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Address to E Commerce Code of Conduct Stakeholders

Hon Phillida Bunkle
Minister of Consumer Affairs

Address to E Commerce Code of Conduct Stakeholders
Centra Hotel
Auckland
8 June 2000
10am

Good morning and welcome! I have invited you here today to discuss an important topic – consumer protection in electronic commerce.

It will probably come as no surprise to you that I would ideally like to see appropriate measures put in place to ensure consumers have confidence in the electronic environment. This is important as New Zealand, and the world, moves towards an increasingly electronic-focussed society.

For now, I don't know that consumers have that confidence and it's important that we - both government and industry - address this. Next week, a comprehensive e-commerce package will be announced in the Budget. One of the elements of the e-commerce package will include funding of $400,000 spread over the next four years to specifically address consumer issues in e-commerce. The government recognises the importance of keeping consumer issues at the forefront of policy-making decisions in this growing area of commerce.

This funding will ensure a dedicated consumer focus in e-commerce through employing someone specifically to work with other government agencies, business and community sectors to ensure issues are properly represented in development of government electronic commerce policy.

A key part of ensuring consumer protection in this area is making sure our work is linked to international developments including development at the OECD and APEC.

So, with that in mind, consumers will have confidence when they are satisfied with four key areas.

 Knowing clearly who they are dealing with and what they are getting
 Security of Information
 Privacy
 Ability to solve any problems quickly and fairly.

Although I didn't need to invite you here to tell you this.

It is hardly possible to read an article or hear a news report about business to consumer electronic commerce without seeing references to these basic points.

And while it may seem that these issues are largely raised by consumer advocates, representatives or individuals, they are in fact more often than not, raised by businesses themselves.

We here in this room would all recognise the importance of appropriate consumer protection mechanisms. Consumer protection is good for the consumer, and business, alike. However, knowing that something is good and worthwhile is sometimes not enough.

This knowledge needs to be reinforced by action. Right now, we are seeking to do this by developing and implementing consumer protection that will build consumer confidence and support e-commerce as a business-to-consumer model.

Today is an important part of the developing stage – gathering your thoughts, your ideas, your criticisms, your fears, and your enthusiasm.

My Ministry released a report on Electronic Commerce in March this year that proposed a New Zealand Model Code of for Consumer Protection in Electronic Commerce.

As you will be aware, any action we take in New Zealand is limited to domestic transactions. However, the principles and standards in this Code draw heavily - as it should - on recently developed OECD guidelines. The Code is essentially the same as one announced in Australia recently.

Obviously this means that action in New Zealand needs to be consistent with and support international developments that will ensure the growth of consumer confidence on a global scale. The budget funding I alluded to earlier will go towards ensuring this happens.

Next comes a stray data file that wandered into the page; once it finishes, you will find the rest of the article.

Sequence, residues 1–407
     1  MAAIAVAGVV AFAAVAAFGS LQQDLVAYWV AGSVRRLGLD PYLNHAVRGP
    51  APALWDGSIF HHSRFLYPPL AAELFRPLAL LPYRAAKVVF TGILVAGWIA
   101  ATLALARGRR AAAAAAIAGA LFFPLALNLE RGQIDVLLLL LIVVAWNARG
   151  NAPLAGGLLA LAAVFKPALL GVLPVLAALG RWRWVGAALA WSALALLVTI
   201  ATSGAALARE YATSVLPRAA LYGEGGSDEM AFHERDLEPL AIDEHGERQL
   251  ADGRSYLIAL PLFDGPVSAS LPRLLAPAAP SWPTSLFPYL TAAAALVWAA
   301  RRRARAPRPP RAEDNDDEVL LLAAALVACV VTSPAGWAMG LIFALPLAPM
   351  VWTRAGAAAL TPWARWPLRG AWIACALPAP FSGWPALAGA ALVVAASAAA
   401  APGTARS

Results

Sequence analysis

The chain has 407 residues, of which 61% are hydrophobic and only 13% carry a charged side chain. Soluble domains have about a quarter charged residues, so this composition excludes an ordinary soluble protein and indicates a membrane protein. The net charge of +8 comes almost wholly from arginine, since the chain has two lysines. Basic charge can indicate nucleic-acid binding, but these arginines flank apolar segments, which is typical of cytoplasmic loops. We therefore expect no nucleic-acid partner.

Keith Manch will take you through some aspects of the Ministry's paper and the issues it raises shortly.

There are however, some issues I want to raise.

Prior to agreeing to the release of the report I discussed with my officials whether a self-regulatory approach would be sufficient to ensure that consumer interests are being protected. This discussion highlighted various issues that are referred to in the report. The first point is that:

 E-commerce is still relatively new and as we all know, consumer-to-business e-commerce is much less significant than business-to-business e-commerce.

To me this means that we now have the opportunity to put in place something that will set appropriate standards for consumer protection while at the same time, support the development of e-commerce.

Other points are:

 domestic law already applies to electronic commerce transactions that occur within New Zealand. An electronic transaction bill will be introduced this year to ensure that we harmonise the law relating to paper-based and electronic-based commerce. Issues around electronic transactions conducted across the border are more complex. These need to be addressed internationally.
 E-commerce is fast developing
 Business has strong incentives to ensure that consumers do have confidence
 E-commerce is global

These points are said to support the idea that self-regulation may be the way to go. Indeed, I have even been told that regulation for consumer protection in e-commerce is unnecessary, difficult to design, costly to administer and may restrict e-commerce development.

Frankly, I am not sure that I personally accept all of this.

What I do know is that as the Minister of Consumer Affairs I am determined that consumers should be given appropriate protection whether they are shopping in traditional "bricks and mortar", "clicks and mortar" or "pure Internet" businesses. I urge you and your businesses to embrace the opportunity to get a self-regulatory scheme right from the start.

I certainly hope that this meeting is productive in setting in place some good consumer protection mechanisms.


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